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Pulaka, Cyrtosperma merkusii, or swamp taro, is a crop grown mainly in Tuvalu and an important source of carbohydrates for the area's inhabitants.[1][2] It is a "swamp crop" similar to taro,[3] but "with bigger leaves and larger, coarser roots."[4] The same plant is known as ‘‘pulaka’’ in Niue, babai in Kiribati, puraka in Cook Islands, pula’a in Samoa, via kan in Fiji, Pulaka in Tokelau, simiden in Chuuk, swam taro in Papua New Guinea, and navia in Vanuatu.[5]

Pulaka roots need to be cooked for hours to reduce toxicity in the corms, but are rich in nutrients, especially calcium.[6] Pulaka is an important part of Tuvalu cultural and culinary tradition, now under threat from rising sea level and displacement from the growing use of imported food products.


The crop is grown in pits dug into the limestone atoll[7] and is fertilized by adding leaves from different plants.[8] The plants derive water from the freshwater lens found a few meters below the atoll.[9] For this reason the cultivation of pulaka is threatened by rising sea levels caused by global warming: the plant does not thrive in the salt water which seeps into the pits:[7] it rots the roots, turns the leaves yellow, and stunts the plant's growth.[6] These saltwater intrusions occur more often now that the high tides have become higher, and more frequently flood the islands.[8] To alleviate the problem of saltwater pollution, some islanders have begun to line the pits, side and bottom, with cement.[7]

Preparation and preservationEdit

Pulaka makes up the bulk of the islanders' traditional diet; it is usually supplemented by fish.[10] Since the unprocessed corms are toxic, they must always be cooked, usually in an earth oven. Many of the recipes call for the addition of coconut cream or toddy, or both. On Niutao, coconut cream (lolo) is poured over beaten pulp of pulaka, to make a dish called tulolo. A similar dish on Nukufetau, with halved corms, is called tulolo pulaka; with beaten corms the dish is called fakapapa. Fekei is made on all the islands, and consists of pulaka which is grated (typically this is done by the women) with the aid of limestone with holes drilled in it. The resulting pulp is wrapped in pulaka leaves and steamed, and mixed with coconut cream.[10]

Preserving any food on the islands is difficult because of the hot climate. Pulaka is usually preserved by burying it in the ground, and it will keep up to three months. Cooks take baked pulaka corms and slice them to dry them in the sun; after six days of drying, the slices (pulaka valuvalu) are packed in coconut containers and hung from roof beams, and will keep up to seven years. The dried substance can be cooked in coconut cream and water to create a dish called likoliko. On Nukufetao, puatolo is a dish made from grated pulaka and toddy, baked in the oven; when dried in the sun it will keep for three months.[10]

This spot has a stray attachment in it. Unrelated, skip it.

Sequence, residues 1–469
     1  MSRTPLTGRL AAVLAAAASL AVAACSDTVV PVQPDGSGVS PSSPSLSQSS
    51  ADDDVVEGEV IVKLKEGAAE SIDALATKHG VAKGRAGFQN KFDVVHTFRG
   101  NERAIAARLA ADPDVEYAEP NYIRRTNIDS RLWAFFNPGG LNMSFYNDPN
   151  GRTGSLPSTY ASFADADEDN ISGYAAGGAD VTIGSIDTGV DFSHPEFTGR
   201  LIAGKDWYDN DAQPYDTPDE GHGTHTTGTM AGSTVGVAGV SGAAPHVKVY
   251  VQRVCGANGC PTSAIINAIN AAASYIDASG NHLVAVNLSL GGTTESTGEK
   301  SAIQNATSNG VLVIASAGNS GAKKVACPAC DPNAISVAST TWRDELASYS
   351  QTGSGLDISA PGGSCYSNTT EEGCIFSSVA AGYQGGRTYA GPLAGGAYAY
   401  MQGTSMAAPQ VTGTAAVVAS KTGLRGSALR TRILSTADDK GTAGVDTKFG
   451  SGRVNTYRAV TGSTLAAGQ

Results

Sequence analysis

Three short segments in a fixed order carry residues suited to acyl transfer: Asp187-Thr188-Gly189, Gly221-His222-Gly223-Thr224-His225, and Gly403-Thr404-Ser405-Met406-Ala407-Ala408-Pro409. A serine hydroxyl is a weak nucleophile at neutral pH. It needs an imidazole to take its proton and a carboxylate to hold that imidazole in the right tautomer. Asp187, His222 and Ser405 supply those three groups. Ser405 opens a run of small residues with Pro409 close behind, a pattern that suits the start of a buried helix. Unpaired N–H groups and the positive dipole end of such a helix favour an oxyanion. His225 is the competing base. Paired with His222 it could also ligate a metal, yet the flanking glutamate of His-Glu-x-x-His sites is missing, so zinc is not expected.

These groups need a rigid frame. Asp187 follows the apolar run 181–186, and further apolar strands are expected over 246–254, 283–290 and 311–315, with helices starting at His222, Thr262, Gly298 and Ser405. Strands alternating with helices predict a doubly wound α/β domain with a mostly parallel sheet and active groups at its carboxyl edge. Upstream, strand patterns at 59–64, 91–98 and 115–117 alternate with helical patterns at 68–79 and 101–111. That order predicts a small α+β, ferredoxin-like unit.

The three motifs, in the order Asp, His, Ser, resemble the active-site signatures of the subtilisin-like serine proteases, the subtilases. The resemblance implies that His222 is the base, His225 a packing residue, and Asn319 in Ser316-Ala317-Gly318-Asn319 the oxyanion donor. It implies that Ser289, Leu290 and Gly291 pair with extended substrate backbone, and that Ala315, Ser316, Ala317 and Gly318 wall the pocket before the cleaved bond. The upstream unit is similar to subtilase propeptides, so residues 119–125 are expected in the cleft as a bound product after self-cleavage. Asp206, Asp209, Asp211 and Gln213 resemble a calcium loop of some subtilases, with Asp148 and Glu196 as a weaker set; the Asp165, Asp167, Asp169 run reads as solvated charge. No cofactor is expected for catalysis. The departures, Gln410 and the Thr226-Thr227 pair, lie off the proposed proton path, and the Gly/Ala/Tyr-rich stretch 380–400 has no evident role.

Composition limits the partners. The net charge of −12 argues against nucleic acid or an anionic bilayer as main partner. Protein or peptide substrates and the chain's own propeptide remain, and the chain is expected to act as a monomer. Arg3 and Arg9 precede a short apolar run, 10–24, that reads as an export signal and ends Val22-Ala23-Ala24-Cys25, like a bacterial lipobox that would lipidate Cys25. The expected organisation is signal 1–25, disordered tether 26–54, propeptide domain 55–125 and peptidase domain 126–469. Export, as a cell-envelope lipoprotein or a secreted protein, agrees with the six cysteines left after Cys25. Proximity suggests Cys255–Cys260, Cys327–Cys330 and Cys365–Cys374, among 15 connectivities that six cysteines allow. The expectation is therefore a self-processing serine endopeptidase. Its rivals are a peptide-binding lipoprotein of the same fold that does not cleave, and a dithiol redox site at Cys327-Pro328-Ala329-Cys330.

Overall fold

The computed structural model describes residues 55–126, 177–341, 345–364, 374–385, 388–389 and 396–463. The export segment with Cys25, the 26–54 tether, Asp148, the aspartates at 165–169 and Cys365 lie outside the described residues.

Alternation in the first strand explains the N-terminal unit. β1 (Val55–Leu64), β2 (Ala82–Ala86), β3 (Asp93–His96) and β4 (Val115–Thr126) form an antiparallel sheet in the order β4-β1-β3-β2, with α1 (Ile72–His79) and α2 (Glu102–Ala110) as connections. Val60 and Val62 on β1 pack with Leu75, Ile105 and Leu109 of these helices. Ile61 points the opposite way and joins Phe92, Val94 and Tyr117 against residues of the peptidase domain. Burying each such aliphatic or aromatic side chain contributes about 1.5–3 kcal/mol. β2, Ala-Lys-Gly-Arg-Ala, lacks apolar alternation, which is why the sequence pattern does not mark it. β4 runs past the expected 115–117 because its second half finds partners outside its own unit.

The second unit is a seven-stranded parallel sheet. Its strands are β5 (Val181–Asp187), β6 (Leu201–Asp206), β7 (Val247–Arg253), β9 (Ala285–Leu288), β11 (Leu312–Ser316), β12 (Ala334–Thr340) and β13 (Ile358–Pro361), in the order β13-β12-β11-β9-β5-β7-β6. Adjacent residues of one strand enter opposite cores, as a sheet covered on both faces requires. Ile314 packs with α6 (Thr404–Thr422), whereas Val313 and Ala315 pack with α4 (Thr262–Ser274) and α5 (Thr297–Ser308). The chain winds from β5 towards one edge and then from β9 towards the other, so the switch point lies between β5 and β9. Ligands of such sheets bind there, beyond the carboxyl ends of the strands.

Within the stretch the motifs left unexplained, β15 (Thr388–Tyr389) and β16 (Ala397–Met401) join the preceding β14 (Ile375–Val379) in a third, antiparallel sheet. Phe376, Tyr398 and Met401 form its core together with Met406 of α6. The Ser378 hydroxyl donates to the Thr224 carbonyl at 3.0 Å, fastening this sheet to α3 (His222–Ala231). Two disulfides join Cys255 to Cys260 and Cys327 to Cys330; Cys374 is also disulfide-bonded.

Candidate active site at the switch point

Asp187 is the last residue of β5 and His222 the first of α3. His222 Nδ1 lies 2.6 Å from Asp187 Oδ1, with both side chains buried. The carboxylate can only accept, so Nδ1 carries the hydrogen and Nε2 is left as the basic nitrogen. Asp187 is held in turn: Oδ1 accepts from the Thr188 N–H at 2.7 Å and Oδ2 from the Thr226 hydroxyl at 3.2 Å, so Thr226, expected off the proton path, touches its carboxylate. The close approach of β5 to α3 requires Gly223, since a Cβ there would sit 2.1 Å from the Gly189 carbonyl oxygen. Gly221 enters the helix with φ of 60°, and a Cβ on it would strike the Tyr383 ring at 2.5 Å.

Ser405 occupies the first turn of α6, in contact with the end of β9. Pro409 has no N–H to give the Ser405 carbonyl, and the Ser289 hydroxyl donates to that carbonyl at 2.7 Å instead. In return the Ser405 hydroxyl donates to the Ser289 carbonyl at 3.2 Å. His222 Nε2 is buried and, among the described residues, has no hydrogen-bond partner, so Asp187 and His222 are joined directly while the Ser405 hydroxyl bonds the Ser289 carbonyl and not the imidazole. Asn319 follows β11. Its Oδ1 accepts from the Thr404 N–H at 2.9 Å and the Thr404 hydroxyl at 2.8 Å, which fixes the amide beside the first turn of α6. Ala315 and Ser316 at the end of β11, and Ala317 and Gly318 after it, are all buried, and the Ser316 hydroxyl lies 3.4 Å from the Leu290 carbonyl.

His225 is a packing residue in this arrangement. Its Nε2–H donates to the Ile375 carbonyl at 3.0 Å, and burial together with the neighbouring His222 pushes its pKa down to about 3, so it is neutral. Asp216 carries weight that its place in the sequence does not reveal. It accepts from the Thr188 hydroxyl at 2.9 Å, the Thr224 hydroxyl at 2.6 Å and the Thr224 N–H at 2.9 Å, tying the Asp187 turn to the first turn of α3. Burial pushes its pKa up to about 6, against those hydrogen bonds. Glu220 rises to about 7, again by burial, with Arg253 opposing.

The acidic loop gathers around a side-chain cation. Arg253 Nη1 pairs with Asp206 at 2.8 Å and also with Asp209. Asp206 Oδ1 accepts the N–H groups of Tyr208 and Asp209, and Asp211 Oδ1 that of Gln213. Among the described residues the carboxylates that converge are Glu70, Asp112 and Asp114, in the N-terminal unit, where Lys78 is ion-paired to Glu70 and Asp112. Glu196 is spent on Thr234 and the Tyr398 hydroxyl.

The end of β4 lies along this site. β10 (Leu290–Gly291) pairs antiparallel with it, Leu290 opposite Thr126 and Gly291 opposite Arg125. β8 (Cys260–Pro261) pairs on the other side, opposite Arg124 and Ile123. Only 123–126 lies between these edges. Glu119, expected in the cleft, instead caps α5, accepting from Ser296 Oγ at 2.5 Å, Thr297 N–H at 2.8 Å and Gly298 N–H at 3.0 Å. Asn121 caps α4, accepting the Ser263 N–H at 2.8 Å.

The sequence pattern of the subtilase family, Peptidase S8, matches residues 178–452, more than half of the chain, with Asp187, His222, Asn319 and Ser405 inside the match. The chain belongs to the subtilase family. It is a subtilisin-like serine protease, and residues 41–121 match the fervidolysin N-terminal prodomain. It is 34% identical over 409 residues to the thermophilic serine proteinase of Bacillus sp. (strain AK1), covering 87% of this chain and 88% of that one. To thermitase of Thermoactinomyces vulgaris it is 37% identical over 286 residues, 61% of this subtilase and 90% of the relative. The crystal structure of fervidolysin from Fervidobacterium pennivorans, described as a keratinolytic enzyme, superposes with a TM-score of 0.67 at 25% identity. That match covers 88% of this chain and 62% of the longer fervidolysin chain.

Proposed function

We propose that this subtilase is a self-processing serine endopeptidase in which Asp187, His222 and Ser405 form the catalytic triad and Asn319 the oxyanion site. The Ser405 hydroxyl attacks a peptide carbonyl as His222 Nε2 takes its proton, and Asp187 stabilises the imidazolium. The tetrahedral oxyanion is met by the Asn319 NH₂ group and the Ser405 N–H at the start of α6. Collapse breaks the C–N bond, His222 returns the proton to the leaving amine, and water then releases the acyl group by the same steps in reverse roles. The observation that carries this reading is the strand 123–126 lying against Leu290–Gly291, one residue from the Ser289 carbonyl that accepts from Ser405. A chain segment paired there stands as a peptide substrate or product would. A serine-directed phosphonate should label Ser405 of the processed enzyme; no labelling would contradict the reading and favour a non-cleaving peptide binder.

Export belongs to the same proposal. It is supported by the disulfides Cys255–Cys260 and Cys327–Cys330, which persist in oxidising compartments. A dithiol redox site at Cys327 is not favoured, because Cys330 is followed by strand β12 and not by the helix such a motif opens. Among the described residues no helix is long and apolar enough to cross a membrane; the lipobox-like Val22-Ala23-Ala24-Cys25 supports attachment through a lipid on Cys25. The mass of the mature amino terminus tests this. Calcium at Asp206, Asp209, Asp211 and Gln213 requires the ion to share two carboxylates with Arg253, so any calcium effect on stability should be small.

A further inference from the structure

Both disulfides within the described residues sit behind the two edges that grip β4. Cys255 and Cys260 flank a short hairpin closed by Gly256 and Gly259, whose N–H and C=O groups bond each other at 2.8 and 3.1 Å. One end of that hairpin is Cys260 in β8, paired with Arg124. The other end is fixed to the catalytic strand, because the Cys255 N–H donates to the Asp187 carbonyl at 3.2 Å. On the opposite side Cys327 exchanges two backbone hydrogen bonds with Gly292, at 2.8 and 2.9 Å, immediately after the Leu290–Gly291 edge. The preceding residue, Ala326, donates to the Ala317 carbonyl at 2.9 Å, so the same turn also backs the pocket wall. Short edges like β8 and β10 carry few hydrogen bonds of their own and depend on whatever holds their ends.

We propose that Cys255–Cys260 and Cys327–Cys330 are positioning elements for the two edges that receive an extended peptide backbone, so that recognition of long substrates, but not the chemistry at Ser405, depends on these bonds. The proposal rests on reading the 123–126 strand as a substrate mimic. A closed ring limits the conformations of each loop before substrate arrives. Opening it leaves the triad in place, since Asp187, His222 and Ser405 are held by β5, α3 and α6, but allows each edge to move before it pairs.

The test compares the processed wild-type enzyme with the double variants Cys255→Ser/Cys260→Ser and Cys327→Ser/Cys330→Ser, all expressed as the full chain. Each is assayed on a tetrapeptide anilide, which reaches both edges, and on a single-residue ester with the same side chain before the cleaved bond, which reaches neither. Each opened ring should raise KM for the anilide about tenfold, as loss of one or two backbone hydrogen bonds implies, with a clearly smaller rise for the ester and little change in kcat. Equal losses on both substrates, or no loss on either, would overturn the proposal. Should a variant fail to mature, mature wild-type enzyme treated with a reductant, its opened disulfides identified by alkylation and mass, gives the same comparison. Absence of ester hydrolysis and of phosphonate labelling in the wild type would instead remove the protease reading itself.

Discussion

Cultural significanceEdit

The pits are dug and maintained by individual families over generations and have great cultural and personal significance: "The ownership and cultivation of the pulaka pits is an important part of family identity, cultural pride and survival. Encroachment of the salt water into the pulaka pit threatens the future of the people of Tuvalu."[9] In addition, the secrets of producing the crop are often transferred from father to son, and when a father teaches his son how to plant pulaka, he is "practicing how to live like a man."[6]

Besides rising saltwater levels, "changing lifestyles and eating habits" also threaten the cultivation of the crop,[3] a process that began during and after World War II, when American occupying troops supplied the islands with imported foods and many pits were no longer maintained.[11] Imported foods are often high in sugar, leading also to an increase in the need for dental care and diabetes.[12]


  1. ^ Koch, Gerd (1990) [1983]. The material culture of Tuvalu. Institute of Pacific Studies, University of the South Pacific. p. 46. Retrieved 12 May 2010.
  2. ^ Randy Thaman, Feagaiga Penivao, Faoliu Teakau, Semese Alefaio, Lamese Saamu, Moe Saitala, Mataio Tekinene and Mile Fonua (2017). "Report on the 2016 Funafuti Community-Based Ridge-To-Reef (R2R)" (PDF). Rapid Biodiversity Assessment of the Conservation Status of Biodiversity and Ecosystem Services (BES) In Tuvalu. Retrieved 25 May 2019.CS1 maint: multiple names: authors list (link)
  3. ^ a b "Tuvalu could lose root crop". Radio New Zealand. 17 September 2008. Retrieved 10 May 2010.
  4. ^ "Leaflet No. 1 - Revised 1992 - Taro". Food and Agriculture Organization. Retrieved 10 May 2010.
  5. ^ "Pacific Food Security Tookit Module 4 - Pacific Root Crops" (PDF). FAO.
  6. ^ a b c Gorišek, Saša (April 2010). "Tuvalu Food Security" (PDF). United Nations. Retrieved 12 May 2010.
  7. ^ a b c Knox, Angie (28 August 2002). "Sinking feeling in Tuvalu". BBC News. Retrieved 10 May 2010.
  8. ^ a b Corlett, David (27 November 2008). "Tuvalunacy, or the real thing?". Inside. Retrieved 12 May 2010.
  9. ^ a b Laban, Winnie (October 1991). "The Plight of the Pacific". Multinational Monitor. 12 (10).
  10. ^ a b c Koch, Gerd (1990) [1983]. The material culture of Tuvalu. Institute of Pacific Studies, University of the South Pacific. pp. 73–85. Retrieved 12 May 2010.
  11. ^ Telavi, Melei (1983). "Tuvalu - A History". Institute of Pacific Studies and Extension Services, University of the South Pacific/Tuvalu Ministry of Social Services. Retrieved 10 May 2010.
  12. ^ Judd, Terri (15 May 2004). "Sailing the South Seas". The Independent. Retrieved 12 May 2010.